‘The Killing’ Finale Review: “What I Know”
We've finally made it to the finale of 'The Killing,' and we've been promised -- for real this time! -- that we'll get the answer to the question posed at the beginning of season one: Who killed Rosie Larsen? And guess what? We actually find out who killed Rosie Larsen! If you bailed on this show a long time ago, don't worry, we watched for you and bring you all the details...
As we learned last week, that Rosie Larsen's killer could very well be Jamie, Darren Richmond's right hand weasel, but a guy who has mostly seemed innocent since day one of the investigation. What was Jamie doing on the 10th floor of that casino the night Rosie was murdered?
The finale opens with a haunting sequence as we visit the Larsen family on the day of Rosie's murder. She plays with her brothers, argues with her mom, and tries to say goodbye to Stan, but he's too busy yelling at someone on the phone. These scenes are filmed beautifully, evoking more melancholy in two minutes than the entire Larsen family arc has managed over the course of two seasons.
They waste no time filling us in on what happened to Rosie that night -- Jamie admits to Darren that he was meeting with Chief Jackson and Ames that night because they were planting Indian bones on the waterfront so Mayor Adams couldn't develop there. One of their guys was busted -- that'd be Janek's guy from a few episodes back -- resulting in the late night meeting on the casino's 10th floor. If Adams couldn't develop the waterfront, then Richmond could take control and allow Chief Jackson to build a new casino there; in turn, the project would give Richmond enough money for future elections. Jamie caught Rosie on the 10th floor, she freaked out and he knocked her unconscious. Fearing she was dead, he took her out to bury her, but she woke up and he had to finish the deed.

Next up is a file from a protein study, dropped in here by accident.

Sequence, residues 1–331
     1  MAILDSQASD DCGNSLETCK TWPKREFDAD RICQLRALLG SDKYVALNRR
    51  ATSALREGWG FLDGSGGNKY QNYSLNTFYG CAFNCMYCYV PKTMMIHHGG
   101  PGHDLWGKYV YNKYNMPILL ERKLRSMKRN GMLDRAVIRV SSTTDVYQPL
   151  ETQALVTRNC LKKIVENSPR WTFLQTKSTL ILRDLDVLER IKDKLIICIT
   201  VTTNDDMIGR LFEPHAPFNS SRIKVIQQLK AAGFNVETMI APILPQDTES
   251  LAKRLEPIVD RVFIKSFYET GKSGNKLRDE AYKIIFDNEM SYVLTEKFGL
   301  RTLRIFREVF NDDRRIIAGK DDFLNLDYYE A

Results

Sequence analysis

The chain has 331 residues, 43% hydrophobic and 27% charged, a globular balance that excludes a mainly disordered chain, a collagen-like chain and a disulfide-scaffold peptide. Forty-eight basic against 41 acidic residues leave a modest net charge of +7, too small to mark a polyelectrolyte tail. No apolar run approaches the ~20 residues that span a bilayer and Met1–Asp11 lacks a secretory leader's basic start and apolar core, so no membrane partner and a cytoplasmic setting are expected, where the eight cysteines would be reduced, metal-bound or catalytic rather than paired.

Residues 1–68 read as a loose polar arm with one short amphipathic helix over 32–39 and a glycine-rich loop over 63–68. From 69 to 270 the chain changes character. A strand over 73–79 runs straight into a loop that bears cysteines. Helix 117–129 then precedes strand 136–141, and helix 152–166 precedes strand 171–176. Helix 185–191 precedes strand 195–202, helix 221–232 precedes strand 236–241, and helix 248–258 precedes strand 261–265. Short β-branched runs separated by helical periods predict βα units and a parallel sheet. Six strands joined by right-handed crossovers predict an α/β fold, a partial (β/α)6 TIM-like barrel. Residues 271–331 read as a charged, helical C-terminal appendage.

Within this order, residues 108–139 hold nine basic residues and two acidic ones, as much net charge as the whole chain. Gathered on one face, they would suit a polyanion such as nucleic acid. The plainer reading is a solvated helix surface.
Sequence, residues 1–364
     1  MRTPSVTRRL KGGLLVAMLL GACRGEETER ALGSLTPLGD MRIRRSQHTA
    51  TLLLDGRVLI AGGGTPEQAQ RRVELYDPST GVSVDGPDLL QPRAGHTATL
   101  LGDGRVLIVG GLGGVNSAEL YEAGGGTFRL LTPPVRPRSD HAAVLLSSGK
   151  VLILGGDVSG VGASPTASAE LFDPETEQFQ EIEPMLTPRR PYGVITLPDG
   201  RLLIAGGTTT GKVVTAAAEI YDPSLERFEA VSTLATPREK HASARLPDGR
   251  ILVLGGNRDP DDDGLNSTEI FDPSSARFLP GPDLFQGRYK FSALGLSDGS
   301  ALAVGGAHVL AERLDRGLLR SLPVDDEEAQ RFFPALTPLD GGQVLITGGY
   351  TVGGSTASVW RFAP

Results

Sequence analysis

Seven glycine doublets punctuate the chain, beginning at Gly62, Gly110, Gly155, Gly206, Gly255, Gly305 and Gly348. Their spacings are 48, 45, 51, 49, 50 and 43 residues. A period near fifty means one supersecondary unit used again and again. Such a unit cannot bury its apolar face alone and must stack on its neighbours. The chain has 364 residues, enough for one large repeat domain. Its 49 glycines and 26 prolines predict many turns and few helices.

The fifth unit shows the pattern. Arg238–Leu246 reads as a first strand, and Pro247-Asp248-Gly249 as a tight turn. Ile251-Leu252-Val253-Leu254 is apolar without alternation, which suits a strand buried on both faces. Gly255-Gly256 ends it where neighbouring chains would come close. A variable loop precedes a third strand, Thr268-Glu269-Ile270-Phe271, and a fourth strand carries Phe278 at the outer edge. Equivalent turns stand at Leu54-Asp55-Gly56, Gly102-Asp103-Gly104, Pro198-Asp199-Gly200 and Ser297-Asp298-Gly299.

Gwen shows up with Linden and Holder just as the argument between Jamie and Darren reaches its fever pitch. There's some fantastic acting from both Eric Ladin and Billy Campbell in this sequence, as both fight for the integrity of their characters, and although much of the politicking over these two seasons has felt tepid and bloodless at times, the two of them give everything they have, their intensity infecting their characters. For once, we get the sense that the writing, direction, and acting have all harmoniously combined and resulted in something... well, great.